Geshe Kelsang Gyatso’s background
Just the briefest potted history for now… Geshe Kelsang was born in 1931, auspiciously or suspiciously enough on Dharmachakra Day, or Buddha’s Turning the Wheel of Dharma Day. He entered the monastery aged 8 and, according to accounts by his classmates, was a very kind child who also spent a lot of time meditating on Lamrim, even meditating through the night on many occasions. He studied and meditated on all Buddha’s teachings.
In 1959 the Chinese invaded Tibet and he fled to India with nothing but his robes and a couple of texts, but he apparently stayed happy, transforming adverse conditions into the spiritual path. He entered deep meditative retreat for 18 years until his teacher, the great Trijang Rinpoche, asked him to teach in the West. So he came to Manjushri Institute in 1977.
When he was flying over the sprawl of greater London he asked his translator: “How many people are down there?!” When the answer came back “about ten million,” he replied in surprise, “There are only five million people in Tibet!” And it looks like he is trying to help them all and more — I and many others are a product of that.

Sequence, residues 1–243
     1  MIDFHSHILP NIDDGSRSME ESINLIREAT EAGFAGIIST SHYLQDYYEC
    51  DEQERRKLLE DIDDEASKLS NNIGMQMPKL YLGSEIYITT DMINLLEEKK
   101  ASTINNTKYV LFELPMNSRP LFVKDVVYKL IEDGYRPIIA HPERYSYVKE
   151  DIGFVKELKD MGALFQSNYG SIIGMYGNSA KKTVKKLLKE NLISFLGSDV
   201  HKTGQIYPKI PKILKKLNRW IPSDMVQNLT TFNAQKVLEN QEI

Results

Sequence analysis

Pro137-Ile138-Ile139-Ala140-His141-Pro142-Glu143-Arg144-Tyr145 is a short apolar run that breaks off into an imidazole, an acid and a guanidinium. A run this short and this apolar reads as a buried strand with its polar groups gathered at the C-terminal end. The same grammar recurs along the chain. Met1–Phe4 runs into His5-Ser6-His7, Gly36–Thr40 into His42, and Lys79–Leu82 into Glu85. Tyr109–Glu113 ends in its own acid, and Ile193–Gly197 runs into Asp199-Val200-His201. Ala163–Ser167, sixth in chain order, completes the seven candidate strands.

Geshe Kelsang has helped bring Buddhism into the modern world stripped of its cultural overlay and separated from politics. He learnt English as quickly as he could, discreetly got British citizenship so he was free to do what he wanted, and started to help people through his teachings, books, example, and personal advice. To begin with, his audience was small – we could all fit comfortably in the so-called North Wing gompa of Manjushri Centre. Now, of course, it is rather large. In Portugal next year, I have no idea how everyone is going to fit. (Update: Over 7,000 received teachings and empowerments in Portugal, many saying that it was the most magical time of their lives.)